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Is climate change the biggest threat to the global economy?

If not properly managed, climate change has a high potential to become the biggest threat to the global economy. The increased variation in weather shifts is a direct cause of climate change from the production of greenhouse gases, being carbon dioxide, methane and nitrous oxide. Finding solutions to decrease the amount of these gasses industries produce - mainly in the manufacturing and energy production sectors - is vital to ensure climate change does not become an even greater threat to the global economy. However, if these steps are not taken, risks that can affect the economy include an increase in natural disasters and extreme weather patterns.

Source: GETTY

Natural disasters caused by increased greenhouse gasses are evident from the 2019-2020 Australian bushfires. In the bushfire season, Australia recorded its maximum average temperature of 41.9 degrees Celsius on the 18th of December, one degree higher than the previous record set only a day earlier. Due to the greenhouse effect, more heat was trapped in the Earth's atmosphere resulting in a long dry period before the bushfires started, increasing their devastating effect of burning through over 10 million hectares, killing over 450 people and billions of native animals. Another nature disaster is the continual floods in South Asia, displacing over 12 million people in India, Nepal and Bangladesh. The greenhouse effect is once again responsible, with the increase in heat causing ice caps to melt and rising sea levels. These natural disasters incur tremendous costs not only in human life but also in relocating and rebuilding.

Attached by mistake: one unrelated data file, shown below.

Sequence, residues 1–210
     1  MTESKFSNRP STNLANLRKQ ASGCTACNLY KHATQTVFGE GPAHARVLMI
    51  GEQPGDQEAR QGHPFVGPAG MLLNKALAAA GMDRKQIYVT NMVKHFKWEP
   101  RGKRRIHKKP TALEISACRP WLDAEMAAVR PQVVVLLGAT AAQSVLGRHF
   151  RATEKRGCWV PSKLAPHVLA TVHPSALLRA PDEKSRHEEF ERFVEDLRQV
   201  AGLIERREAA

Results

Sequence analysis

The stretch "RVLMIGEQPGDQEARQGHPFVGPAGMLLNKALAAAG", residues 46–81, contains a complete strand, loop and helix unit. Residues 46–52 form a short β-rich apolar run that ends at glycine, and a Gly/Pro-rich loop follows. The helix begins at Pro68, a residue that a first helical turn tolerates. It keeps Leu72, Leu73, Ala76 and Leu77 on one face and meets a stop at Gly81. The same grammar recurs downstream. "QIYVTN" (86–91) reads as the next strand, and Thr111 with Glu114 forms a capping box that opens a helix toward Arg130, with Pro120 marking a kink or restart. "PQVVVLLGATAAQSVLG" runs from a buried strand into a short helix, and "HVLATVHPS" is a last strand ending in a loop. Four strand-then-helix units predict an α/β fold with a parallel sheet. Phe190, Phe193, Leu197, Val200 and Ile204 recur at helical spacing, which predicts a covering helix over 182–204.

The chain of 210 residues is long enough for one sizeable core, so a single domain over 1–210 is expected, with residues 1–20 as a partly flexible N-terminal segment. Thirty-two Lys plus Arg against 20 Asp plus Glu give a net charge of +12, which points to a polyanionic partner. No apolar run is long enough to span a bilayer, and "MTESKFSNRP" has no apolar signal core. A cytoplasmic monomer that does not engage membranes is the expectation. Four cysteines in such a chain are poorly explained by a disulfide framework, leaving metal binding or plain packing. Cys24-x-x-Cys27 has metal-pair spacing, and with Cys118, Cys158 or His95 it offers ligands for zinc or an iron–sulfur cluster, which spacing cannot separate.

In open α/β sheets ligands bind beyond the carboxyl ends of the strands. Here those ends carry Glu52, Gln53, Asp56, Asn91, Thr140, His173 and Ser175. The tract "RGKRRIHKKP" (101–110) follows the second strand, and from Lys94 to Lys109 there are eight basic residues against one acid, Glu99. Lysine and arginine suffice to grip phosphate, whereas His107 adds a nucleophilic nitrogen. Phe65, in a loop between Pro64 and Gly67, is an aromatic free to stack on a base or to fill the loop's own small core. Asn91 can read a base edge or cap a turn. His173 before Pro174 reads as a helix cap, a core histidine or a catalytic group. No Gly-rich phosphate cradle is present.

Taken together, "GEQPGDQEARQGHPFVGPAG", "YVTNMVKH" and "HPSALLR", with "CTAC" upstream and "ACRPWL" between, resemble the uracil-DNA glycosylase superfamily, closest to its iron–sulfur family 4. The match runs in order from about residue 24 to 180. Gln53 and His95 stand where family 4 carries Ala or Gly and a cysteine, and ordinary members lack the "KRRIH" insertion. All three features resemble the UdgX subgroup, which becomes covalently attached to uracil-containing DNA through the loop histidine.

Extreme weather patterns are also responsible for great costs, caused directly by climate change. In February 2021, an extreme snowstorm hit Texas, which the state was completely unprepared for. The snowstorm was responsible for at least 137 deaths and over $196 billion in damages. Once again climate change is responsible. Due to the greenhouse effect heating the arctic, the polar vortex winds - winds that just flow around the poles - are disrupted, causing these cold winds to flow further south, causing Texas' cold snap.

How can we mitigate greenhouse gas levels?

We need to grow seaweed and Azolla (algae) farms to absorb greenhouse gasses. These organisms are far more effective at converting greenhouse gasses than trees in the short term. They will likely be replaced once suitable sources of energy that do not release greenhouse gasses are discovered. These will most likely be nuclear, such as uranium reactors, thorium reactors (believed to be safer than uranium reactors) and fusion reactors (although fusion technology on Earth may not be possible).


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